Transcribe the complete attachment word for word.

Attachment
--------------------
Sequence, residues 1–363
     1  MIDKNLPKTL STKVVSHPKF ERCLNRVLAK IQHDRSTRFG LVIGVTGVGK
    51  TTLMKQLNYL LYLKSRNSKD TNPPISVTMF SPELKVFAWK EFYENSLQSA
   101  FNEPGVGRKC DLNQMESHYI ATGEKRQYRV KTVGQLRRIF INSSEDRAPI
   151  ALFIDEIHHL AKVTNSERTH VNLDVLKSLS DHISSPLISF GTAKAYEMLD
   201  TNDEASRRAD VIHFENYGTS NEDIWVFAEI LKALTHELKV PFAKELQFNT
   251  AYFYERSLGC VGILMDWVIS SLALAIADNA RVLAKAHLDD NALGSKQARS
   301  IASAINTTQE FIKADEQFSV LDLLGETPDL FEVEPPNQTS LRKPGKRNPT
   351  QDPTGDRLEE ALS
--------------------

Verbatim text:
Sequence, residues 1–363
     1  MIDKNLPKTL STKVVSHPKF ERCLNRVLAK IQHDRSTRFG LVIGVTGVGK
    51  TTLMKQLNYL LYLKSRNSKD TNPPISVTMF SPELKVFAWK EFYENSLQSA
   101  FNEPGVGRKC DLNQMESHYI ATGEKRQYRV KTVGQLRRIF INSSEDRAPI
   151  ALFIDEIHHL AKVTNSERTH VNLDVLKSLS DHISSPLISF GTAKAYEMLD
   201  TNDEASRRAD VIHFENYGTS NEDIWVFAEI LKALTHELKV PFAKELQFNT
   251  AYFYERSLGC VGILMDWVIS SLALAIADNA RVLAKAHLDD NALGSKQARS
   301  IASAINTTQE FIKADEQFSV LDLLGETPDL FEVEPPNQTS LRKPGKRNPT
   351  QDPTGDRLEE ALS